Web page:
Listen to Maya van Rossum, the Delaware Riverkeeper and leader of the Delaware Riverkeeper Network, the only citizen action organization that works the entire length and breadth of the Delaware River and its watershed, speaking and working for both its protection and its restoration — in conversation with Alison Rose Levy.
Maya van Rossum chats with Marjorie Alexander on A Sustainable Mind podcast
A new bill is being introduced in New Jersey to protect the environmental rights of its citizens
It’s a book that’s been called the “next Silent Spring” by actor and clean water activist Mark Ruffalo — The Green Amendment: Securing Our Right to a Healthy Environment, written by environmental activist Maya K. van Rossum and published by Disruption Books on Nov. 14.
Radnor >> Life-long Radnor resident Maya van Rossum has penned her first book, “The Green Amendment,” which will debut on Nov. 14 at Main Point Books in Wayne. There will be a book launch and signing at 7 p.m.
Tom is joined by Maya van Rossum, author of The Green Amendment, for a lively discussion about her new book and the movement we need to secure our right to clean air, pure water, and a healthy environment. The conversation begins at the 20 minute mark.
A study published online October 25, 2017, provides a detailed and scary new analysis of the devastating impacts pollution emanating from unconventional oil and gas development, including fracking for gas from shale, is having on the health and development of our nation’s children.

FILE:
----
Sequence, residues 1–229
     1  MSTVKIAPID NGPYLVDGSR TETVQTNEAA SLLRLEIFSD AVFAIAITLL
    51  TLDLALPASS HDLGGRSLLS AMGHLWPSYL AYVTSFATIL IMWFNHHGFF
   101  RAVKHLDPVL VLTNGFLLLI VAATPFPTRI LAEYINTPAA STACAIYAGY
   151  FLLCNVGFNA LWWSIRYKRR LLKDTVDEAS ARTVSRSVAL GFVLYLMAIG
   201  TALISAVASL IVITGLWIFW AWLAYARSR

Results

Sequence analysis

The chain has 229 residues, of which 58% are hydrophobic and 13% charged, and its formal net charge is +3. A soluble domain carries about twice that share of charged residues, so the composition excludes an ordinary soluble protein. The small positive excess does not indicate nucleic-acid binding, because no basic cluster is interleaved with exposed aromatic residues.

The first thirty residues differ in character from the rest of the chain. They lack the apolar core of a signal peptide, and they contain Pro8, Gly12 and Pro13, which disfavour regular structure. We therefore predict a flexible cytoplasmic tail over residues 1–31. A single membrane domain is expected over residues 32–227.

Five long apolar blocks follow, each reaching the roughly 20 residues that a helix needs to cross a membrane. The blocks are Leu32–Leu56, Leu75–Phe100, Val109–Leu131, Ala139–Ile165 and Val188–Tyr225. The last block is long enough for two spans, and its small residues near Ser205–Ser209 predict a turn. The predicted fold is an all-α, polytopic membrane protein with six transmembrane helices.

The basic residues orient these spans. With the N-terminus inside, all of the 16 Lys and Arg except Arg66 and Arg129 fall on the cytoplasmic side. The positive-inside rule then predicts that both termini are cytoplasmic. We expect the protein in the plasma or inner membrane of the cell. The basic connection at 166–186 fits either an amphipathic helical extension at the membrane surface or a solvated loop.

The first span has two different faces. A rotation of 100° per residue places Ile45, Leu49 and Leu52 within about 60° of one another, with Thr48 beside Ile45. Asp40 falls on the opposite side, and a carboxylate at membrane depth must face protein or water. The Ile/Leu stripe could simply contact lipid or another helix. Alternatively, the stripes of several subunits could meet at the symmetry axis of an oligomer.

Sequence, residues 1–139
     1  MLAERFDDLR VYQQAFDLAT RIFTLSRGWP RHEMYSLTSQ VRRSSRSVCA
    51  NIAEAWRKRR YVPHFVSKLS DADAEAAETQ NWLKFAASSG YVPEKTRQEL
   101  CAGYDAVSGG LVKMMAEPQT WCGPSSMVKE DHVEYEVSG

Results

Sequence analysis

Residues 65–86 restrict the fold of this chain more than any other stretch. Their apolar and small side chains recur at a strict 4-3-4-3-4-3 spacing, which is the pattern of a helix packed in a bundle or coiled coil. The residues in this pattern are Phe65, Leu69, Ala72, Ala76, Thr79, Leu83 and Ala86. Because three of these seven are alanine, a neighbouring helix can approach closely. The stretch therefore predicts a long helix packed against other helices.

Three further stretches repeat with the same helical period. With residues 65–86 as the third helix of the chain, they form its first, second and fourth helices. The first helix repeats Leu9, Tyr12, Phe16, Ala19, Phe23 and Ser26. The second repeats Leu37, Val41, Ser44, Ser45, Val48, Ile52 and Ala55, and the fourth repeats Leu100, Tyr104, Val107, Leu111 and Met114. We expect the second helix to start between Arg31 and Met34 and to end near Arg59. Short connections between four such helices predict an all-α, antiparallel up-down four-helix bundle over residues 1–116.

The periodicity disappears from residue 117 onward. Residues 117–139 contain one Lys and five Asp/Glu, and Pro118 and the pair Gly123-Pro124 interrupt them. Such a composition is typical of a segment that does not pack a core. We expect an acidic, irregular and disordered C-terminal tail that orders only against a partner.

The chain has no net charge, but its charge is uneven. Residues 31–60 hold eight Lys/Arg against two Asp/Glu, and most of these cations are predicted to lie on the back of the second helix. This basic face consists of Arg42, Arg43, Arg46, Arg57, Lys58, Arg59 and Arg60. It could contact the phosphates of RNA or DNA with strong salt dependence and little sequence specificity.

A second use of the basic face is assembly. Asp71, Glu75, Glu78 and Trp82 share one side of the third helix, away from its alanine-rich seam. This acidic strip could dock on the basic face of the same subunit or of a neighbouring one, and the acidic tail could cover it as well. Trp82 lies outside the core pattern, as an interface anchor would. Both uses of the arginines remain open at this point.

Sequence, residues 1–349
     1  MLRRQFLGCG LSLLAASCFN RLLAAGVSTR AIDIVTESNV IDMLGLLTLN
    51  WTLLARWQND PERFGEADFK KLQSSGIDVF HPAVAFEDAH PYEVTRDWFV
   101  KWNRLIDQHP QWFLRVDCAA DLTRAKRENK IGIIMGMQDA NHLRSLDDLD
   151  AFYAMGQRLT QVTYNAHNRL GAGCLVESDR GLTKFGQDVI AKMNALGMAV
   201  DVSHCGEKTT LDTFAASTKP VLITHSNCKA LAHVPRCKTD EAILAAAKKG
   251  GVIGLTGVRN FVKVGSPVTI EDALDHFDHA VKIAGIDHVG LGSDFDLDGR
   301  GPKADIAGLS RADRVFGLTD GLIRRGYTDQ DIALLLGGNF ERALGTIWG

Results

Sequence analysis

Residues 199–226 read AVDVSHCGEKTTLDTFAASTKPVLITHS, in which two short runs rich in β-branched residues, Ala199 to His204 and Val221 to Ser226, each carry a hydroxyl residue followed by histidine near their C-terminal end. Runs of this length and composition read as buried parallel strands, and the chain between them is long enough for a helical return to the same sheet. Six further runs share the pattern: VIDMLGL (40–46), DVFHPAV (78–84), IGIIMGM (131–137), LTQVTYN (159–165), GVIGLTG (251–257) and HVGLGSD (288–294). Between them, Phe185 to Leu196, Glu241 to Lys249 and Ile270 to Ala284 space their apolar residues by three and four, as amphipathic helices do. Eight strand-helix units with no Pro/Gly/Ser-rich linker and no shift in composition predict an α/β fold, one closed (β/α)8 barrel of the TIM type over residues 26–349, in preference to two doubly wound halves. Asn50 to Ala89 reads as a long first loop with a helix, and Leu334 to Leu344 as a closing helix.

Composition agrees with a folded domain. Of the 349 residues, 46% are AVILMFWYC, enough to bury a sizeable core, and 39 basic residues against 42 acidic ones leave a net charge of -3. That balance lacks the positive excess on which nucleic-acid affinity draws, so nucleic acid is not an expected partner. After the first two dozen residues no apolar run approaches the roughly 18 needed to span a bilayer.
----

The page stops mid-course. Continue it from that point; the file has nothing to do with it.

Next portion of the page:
In the NY times article “Corporations Have Rights. Why Shouldn’t Rivers?” we learn about a recently filed lawsuit in which a judge is being asked to recognize the Colorado River as a person. This lawsuit is testing an important legal theory — giving rights to nature — similar to Ecuador’s model. In 2008, Ecuador became the first country to grant protections to nature. Through its constitution, Ecuador vests nature with the right to exist and flourish.
As much as we want to work with our government and hope they have our best intentions at heart, many politicians have become entrenched in the world of big business and care more about the green in their wallet than the green on the planet. By learning how we can implement this kind of right into the constitution of each state, we are giving power back to the people.